Obama’s HIV Budget Shows Commitment to Domestic Programs
President Barack Obama released his domestic budget for HIV prevention and treatment this month, and AIDS service organizations are mostly pleased with the distribution of funds to the Ryan White HIV/AIDS Program and his move to replace the cuts caused by sequestration.
"The budget President Obama outlined demonstrates his strong commitment to ending HIV by maintaining funding for prevention and lifesaving healthcare and medications for those who cannot afford it in the United States," said Deputy Executive Director Carl Schmid of The AIDS Institute. "We now urge Congress to show the same level of support as it considers federal spending priorities for the upcoming year."
Schmid was pleased that Obama and his Administration recognized the pivotal opportunity to end AIDS and the federal government's role in providing care and treatment to people with HIV/AIDS to keep them healthy and reduce new infections.
Under the President's budget, funding for the Ryan White HIV/AIDS Program would receive a $4 million increase for a total of $2.323 billion. The Ryan White HIV/AIDS Program provides medical care, drug treatment and support services to approximately 554,000 low-income, uninsured and underinsured individuals living with HIV.
But the budget proposes to eliminate dedicated funding for Part D of the Ryan White Program, which serves women, infants, children, and youth with HIV/AIDS. Perinatal infections are very low, but funding is still needed for children and youth. Under the President's proposal, Part D funding would be redirected to another part of the Ryan White Program that focuses on medical care.
"We are shocked the President would demolish the well-established system of care that has worked since 1988 in nearly eliminating perinatal infection and providing medical care and family-centered support for women, children and youth that helps ensure these populations remain in care and adherent to their medications," said Marylin Merida, President of The AIDS Institute and a Part D grantee in Florida. "We call upon the Congress to reject this proposal."
"While we are extremely disappointed in the proposal to eliminate Part D of the Ryan White Program and will ask Congress to oppose it, now it is up to the Congress to do its part and adequately fund critical public health programs, including those that prevent HIV and provide for care and treatment for people living with HIV. This includes implementing the ACA at both the federal and state levels," said AIDS Institute Executive Director Michael Ruppal.
Funding for the Ryan White AIDS Drug Assistance Program (ADAP) would be maintained at $900.3 million. In recent years, states have struggled to keep up with the growing number of low-income people needing lifesaving AIDS medications, and have had to establish waiting lists.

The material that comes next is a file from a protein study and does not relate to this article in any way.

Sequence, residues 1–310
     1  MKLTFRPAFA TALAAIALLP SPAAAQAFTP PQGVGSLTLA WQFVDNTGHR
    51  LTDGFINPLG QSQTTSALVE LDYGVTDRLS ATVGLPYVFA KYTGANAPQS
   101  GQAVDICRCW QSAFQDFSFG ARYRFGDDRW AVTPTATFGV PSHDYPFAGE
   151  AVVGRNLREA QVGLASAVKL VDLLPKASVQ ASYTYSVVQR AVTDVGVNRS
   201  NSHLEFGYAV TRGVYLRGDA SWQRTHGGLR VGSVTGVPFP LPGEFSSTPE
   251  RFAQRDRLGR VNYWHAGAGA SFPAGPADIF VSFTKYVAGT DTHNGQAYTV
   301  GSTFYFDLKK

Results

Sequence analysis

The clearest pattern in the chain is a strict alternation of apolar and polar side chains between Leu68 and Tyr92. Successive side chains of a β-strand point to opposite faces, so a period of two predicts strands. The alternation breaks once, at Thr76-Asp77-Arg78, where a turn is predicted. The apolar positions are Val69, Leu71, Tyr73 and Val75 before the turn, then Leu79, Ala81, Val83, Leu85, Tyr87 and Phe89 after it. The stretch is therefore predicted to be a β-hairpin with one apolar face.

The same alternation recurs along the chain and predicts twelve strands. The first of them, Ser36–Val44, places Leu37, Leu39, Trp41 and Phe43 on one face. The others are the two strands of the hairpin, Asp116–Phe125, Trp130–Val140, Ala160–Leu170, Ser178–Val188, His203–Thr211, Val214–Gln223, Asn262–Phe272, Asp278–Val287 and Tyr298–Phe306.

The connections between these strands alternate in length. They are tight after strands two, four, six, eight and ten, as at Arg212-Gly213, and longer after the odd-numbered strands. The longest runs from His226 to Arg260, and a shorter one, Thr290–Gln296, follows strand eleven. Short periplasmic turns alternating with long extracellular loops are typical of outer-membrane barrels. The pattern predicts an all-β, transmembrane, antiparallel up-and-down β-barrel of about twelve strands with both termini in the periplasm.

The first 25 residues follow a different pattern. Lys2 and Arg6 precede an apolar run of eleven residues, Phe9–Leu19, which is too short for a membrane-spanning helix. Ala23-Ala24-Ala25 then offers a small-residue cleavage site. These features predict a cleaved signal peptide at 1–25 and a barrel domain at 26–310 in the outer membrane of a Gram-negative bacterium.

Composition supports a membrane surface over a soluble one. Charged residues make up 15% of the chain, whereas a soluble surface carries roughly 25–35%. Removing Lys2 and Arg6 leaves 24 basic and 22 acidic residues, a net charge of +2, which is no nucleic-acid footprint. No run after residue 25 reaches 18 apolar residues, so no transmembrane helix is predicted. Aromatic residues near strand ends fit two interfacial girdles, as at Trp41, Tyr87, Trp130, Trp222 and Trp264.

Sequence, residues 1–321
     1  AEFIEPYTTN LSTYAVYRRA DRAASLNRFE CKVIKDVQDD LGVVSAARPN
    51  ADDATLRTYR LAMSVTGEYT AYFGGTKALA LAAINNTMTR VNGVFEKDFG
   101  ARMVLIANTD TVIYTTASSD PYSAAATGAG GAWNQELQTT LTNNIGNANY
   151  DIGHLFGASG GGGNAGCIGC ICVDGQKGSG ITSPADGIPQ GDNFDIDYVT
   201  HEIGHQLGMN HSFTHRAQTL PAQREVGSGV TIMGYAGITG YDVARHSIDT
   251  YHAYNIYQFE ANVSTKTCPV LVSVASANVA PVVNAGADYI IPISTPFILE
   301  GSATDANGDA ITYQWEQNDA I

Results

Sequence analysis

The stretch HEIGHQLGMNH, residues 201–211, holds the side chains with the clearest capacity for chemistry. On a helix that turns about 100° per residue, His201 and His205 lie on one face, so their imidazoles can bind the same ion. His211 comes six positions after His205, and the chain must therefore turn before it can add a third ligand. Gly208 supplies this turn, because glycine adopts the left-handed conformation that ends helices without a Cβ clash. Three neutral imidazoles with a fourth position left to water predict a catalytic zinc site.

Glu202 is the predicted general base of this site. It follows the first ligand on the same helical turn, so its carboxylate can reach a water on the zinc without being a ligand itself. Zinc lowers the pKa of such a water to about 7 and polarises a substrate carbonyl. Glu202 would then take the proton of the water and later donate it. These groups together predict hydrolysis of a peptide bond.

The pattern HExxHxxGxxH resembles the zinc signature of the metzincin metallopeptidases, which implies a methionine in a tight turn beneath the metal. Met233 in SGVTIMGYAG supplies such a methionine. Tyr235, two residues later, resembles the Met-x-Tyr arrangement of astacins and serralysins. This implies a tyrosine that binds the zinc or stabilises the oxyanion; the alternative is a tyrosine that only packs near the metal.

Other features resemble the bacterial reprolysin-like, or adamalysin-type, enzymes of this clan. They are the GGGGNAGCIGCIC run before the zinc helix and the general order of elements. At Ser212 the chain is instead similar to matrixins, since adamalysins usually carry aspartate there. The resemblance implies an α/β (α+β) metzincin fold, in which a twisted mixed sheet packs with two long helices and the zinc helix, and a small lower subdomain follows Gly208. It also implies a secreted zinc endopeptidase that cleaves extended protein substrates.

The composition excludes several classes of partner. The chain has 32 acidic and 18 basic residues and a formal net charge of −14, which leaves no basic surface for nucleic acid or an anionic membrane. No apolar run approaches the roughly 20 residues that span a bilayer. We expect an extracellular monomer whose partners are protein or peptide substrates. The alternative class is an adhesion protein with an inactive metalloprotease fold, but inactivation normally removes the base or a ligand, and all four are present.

According to the National Alliance of State and Territorial AIDS Directors (NASTAD), enrollment in ADAP last year grew by 8 percent. Additionally, as some ADAP clients transition to the ACA's qualified health plans, ADAP dollars will increasingly be used to pay beneficiary premiums and assist in co-pays and other out-of-pocket expenses.
According to the CDC, only 37 percent of the 1.2 million people living with HIV in the U.S. are retained in HIV care, 33 percent have been prescribed antiretroviral treatment and 25 percent are virally suppressed. In order to improve the continuum of care for people with HIV and progress toward an AIDS-free generation, then continued funding for all parts of the Ryan White Program will be necessary along with implementation of the Affordable Care Act.
To help achieve the goal of the National HIV/AIDS Strategy to reduce the number of new HIV infections, which now stands at over 50,000 per year, the President is proposing to slightly increase HIV funding at the Centers for Disease Control and Prevention (CDC).
The Budget focuses HIV resources on implementing effective, scalable and sustainable prevention strategies for persons living with HIV and populations at highest risk for HIV. The AIDS Institute was pleased that as a part of its existing budget, the CDC is proposing to allocate $8 million to assist HIV prevention grantees to increase their capacity to seek reimbursement for covered services.
Funding for Hepatitis Prevention at the CDC would be maintained at approximately $29 million, a level far too small to conduct testing, surveillance, and other hepatitis prevention and educational programs for the entire country.
The President is requesting that Congress allow federal funding of syringe exchange programs, a scientifically proven HIV and hepatitis prevention service that Congress has rejected.
Under the President’s proposed budget, medical research at the National Institutes of Health (NIH) would receive a slight increase while the Housing Opportunities for Persons with AIDS (HOPWA) program at HUD, which provides housing for low-income people with AIDS, would receive an increase of $2 million and be funded at its FY13 level of $332 million. Additionally, the formula for distributing HOPWA money would be modernized in order to better distribute funding to areas most in need.
"The President has put forth a budget that replaces many of the harmful sequestration cuts that domestic HIV/AIDS programs have experienced in recent years. He upholds his commitment to making progress to ending AIDS by investing in domestic HIV/AIDS programs," said Ruppal.
For more information, visit http://www.theaidsinstitute.org/federal-policy/ryan-white